A $50 Device Can Easily Steal Your Login Password

password-technosearchWe have always been advised to use a strong password, as it meant to keep your computer secure. Well but that also seems to be of little help as one can steal your login credentials using a $50 piece of hardware and an app.
R5 Industries principal security engineer Rob Fuller in one of the videos posted on YouTube claims he was able to steal username and password from a locked computer using a USB device loaded with a hacking app called Responder.

He says the stolen passwords are encoded yet they can be cracked once they are in possession of another person. He demonstrates this in the video where he uses a small Linux-powered computer USB Armory which cost $155, though Hak5 Turtle a $50 can be used. Computers share login details with them as they recognize the devices as trusted Ethernet adapters.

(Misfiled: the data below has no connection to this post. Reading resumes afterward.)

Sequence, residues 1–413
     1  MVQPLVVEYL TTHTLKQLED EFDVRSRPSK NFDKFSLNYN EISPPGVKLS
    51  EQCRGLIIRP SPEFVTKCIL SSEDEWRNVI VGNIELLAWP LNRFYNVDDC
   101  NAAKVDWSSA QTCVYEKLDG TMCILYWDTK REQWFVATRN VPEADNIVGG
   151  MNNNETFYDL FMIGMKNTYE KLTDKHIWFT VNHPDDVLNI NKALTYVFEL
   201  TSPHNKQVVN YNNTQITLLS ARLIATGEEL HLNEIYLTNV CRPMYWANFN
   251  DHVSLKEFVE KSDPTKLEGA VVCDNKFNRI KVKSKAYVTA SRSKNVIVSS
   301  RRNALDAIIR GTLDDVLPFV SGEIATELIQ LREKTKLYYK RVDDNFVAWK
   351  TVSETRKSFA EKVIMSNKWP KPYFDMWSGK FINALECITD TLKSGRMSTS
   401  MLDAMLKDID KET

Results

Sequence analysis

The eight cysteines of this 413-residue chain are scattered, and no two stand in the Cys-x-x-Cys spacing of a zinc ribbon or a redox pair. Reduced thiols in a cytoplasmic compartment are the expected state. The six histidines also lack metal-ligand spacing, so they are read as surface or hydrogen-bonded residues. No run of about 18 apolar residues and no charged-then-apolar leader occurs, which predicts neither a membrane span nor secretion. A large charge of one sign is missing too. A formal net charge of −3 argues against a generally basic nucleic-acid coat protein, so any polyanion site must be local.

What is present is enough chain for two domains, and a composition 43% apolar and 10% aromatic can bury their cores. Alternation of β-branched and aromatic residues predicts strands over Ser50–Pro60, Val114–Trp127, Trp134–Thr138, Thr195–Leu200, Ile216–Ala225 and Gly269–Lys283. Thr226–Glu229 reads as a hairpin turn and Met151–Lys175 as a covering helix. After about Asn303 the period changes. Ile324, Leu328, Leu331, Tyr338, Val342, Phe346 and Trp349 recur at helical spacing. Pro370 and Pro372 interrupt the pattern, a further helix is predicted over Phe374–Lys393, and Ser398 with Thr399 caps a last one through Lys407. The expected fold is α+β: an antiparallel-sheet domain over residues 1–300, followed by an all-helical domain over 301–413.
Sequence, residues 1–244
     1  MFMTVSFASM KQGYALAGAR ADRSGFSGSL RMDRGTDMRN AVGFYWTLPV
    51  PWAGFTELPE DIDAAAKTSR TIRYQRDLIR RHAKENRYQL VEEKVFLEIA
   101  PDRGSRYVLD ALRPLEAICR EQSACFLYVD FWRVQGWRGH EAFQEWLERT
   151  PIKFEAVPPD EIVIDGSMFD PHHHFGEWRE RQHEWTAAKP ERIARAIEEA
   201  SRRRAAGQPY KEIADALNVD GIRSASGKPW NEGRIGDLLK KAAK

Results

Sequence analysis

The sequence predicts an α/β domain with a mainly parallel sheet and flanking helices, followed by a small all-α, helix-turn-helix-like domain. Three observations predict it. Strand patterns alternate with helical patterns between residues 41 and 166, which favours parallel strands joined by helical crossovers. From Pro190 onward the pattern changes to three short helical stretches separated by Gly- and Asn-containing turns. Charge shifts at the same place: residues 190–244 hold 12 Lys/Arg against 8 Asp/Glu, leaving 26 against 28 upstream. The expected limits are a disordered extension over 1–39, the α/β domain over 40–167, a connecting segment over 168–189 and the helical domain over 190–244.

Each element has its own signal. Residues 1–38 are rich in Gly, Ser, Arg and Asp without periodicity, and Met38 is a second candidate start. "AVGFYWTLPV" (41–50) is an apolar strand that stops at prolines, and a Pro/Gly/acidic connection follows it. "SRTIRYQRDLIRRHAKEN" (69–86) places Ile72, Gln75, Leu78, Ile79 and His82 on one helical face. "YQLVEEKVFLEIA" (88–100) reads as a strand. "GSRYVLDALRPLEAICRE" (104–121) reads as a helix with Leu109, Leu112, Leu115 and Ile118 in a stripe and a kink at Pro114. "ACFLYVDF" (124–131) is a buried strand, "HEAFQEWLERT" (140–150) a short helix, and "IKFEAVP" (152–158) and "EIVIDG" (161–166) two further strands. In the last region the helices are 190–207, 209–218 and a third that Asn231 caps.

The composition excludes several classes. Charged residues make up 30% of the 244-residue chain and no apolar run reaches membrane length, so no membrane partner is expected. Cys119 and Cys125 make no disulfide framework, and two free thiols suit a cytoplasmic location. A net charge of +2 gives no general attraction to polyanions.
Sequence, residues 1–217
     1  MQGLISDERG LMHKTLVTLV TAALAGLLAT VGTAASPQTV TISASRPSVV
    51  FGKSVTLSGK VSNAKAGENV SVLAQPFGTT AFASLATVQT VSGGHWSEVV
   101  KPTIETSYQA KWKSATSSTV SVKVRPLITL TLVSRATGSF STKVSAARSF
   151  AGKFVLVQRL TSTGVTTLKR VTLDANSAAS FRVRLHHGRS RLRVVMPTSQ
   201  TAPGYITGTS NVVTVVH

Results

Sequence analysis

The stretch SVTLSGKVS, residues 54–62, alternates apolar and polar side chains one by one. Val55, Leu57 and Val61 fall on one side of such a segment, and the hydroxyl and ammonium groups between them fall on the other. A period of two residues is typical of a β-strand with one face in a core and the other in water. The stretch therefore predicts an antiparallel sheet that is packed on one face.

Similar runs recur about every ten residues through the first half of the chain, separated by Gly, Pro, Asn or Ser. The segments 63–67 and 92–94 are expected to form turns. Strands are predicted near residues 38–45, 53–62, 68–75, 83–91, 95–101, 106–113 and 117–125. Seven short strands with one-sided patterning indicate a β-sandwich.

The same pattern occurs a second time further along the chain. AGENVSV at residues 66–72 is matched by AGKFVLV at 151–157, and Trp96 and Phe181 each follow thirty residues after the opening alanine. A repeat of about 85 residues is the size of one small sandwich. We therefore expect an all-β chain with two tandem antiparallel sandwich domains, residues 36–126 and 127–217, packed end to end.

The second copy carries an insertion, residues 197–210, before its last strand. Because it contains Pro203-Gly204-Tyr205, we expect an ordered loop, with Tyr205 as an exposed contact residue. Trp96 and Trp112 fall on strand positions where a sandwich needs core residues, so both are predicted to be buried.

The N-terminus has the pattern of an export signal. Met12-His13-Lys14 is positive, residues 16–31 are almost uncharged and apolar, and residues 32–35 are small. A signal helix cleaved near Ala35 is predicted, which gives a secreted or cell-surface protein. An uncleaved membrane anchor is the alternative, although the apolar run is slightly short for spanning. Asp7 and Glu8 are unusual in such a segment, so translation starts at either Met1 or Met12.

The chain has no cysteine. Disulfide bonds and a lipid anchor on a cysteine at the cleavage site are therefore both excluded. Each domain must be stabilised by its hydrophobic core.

Fuller said he tried the combination with both operating systems ie Windows and EI Capitan, though he needs to confirm whether his Mac Experiment was a fluke. He confirmed that the hack was so easy to pull off since he had a hard time believing it was possible he “tested it so many ways to confirm,”

The whole procedure he captured on the cam, which you can watch below, and explained how it works in an email to Ars Technica:

What is happening in the video, is the USB Armory is being plugged into a locked (but logged in) system. It boots up via the USB power, and starts up a DHCP server, and Responder. While it’s doing this, the victim is recognizing it as a Ethernet adapter. The victim then makes route decisions and starts sending the traffic it was already creating to the Armory instead of the “real” network connection. Responder does its job and responds to all kinds of services asking for authentication, and since most OSs treat their local network as “trusted” it sees the authentication request and automatically authenticates. Seeing that the database of Responder has been modified the Armory shuts down (LED goes solid).

If you are exclusively using your computer at home and there is nobody living there you don’t trust you need not worry. But it would be a little risky if you happen to carry your laptop to coffee shops and other places. It’s always better to make sure you never leave your computer unattended.


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